Maraya herded about 40 cattle in the land tax years in question. The purpose of Maraya’s operation was to graze and fatten cattle for sale.
The commerciality test
In the Court’s opinion, the commerciality test required the commercial purpose or character of the use of the lands 'to have had a relatively high degree of importance'.
The Court accepted evidence from a beef industry expert who determined the operating costs of the business and overhead costs, and dividing that by kilograms of beef produced. The result was that in each tax year the cost of production exceeded the income from livestock trading.
Expert evidence showed that:
- Maraya’s operation produced on average 42.6 kilograms of beef per hectare, which was considered to be a very low output of beef compared to other operations;
- Productivity would always be low when the cattle grazed on the type of (poor) pastures on the subject lands; and
- The operation was not and would not be commercially viable.
The Court, accepting the expert evidence, also considered a number of factors to conclude that Maraya did not satisfy the commerciality test. Those factors included:
- the intensity of the operation;
- the size and quality of the herd - the low number of cattle grazing;
- the size and carrying capacity of the land; and
- the resources put into the development and maintenance of the cattle operation – notably that the manager spent very few hours per week on the cattle operation – time consistent with a part-time operation.
In each of the relevant tax years the Maraya operation did not make a positive financial return when assessed in terms of operating profit. The Court accepted evidence from a financial expert that Maraya’s cattle produced a large negative financial return in each year.
In addressing the profit test, the Court held that, even though there is not a requirement in the Act that a profit be made, a continual failure to make any profit could lead a court to question and in some instances reject evidence that the primary production use of the land was engaged in for the purpose of profit.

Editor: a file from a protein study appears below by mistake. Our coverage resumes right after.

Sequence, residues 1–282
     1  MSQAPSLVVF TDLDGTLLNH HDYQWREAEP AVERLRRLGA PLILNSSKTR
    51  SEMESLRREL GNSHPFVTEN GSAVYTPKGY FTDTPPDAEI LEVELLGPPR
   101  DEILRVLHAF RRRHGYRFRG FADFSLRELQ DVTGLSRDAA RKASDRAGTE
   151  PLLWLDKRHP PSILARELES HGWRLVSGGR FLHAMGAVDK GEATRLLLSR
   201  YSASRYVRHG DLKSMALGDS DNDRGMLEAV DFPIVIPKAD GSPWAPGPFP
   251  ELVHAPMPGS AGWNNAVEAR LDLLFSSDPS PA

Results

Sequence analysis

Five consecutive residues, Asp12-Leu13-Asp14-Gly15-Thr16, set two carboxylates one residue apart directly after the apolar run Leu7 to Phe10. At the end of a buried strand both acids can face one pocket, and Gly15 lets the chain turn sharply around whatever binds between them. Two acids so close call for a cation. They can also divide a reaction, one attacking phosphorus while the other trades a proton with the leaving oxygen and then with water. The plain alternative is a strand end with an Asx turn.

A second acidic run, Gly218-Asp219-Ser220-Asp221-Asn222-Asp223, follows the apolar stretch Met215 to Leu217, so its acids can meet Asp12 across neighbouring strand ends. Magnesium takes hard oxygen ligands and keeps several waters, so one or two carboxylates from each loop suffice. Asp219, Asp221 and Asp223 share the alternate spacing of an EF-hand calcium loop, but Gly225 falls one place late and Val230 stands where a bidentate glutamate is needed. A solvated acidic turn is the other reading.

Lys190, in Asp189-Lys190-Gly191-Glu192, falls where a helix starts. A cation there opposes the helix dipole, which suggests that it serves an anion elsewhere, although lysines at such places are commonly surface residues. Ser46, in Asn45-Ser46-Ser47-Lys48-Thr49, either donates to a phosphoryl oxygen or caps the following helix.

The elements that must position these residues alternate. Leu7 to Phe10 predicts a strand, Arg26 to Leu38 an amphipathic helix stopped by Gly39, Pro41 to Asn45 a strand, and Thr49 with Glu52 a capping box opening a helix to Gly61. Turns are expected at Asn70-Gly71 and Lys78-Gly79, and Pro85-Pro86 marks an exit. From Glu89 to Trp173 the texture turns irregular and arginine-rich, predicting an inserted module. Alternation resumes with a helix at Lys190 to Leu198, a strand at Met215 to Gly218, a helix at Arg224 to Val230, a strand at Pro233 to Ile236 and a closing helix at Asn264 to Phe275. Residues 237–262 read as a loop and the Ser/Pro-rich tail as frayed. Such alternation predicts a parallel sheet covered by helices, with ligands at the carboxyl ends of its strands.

In his judgment Gzell J said:
96. Even with the omission of labour costs and holding costs, Maraya's cattle operation would produce very small amounts of profit with respect to land valued at $26.5m.
97. Mr Bryant's evidence should be accepted. His view was that Maraya's cattle operation was not and would not be commercially viable. Mr Bryant considered that Maraya would have been financially better off if it had not engaged in cattle trading except for the possible land tax savings.
This is very concerning because it suggests that it may not be enough for the primary production activities to be profitable if the profits are uncommercial having regard to the value of the land.
These comments assume that just because the land is worth, say $26.5m, the taxpayer should be able to earn more than modest returns from the land. The problem is that while the land has a value based on its future development value – that may not reflect its current income earning capacity e.g. there may be obstacles to developing the land at present and the best use for the land may currently be deriving a modest profit from cattle grazing.
As a result of failing the commerciality and profit tests, Maraya could not claim the primary production land tax exemptions and was required to pay the land tax assessments for the years in question.
Claiming a primary production exemption from land tax in brief
In order to claim an exemption from land tax on the basis that the land is used for primary production, the landholder must prove:
- The land is rural land used for primary production; or
- The land is not rural land but is used for primary production and that use of the land:
- has a significant and substantial commercial purpose or character (and a marginal business operated on a part time basis is not likely to meet that test); and
- is engaged in for the purpose of profit on a continuous or repetitive basis (whether or not a profit is actually made). Although it is not a requirement that a profit must always be made, an enterprise that never makes a profit is not likely to meet this test.
The Court and Office of State Revenue are now likely to require proof of profit to demonstrate a continual or repetitve engagement of primary production land for the purpose of profit.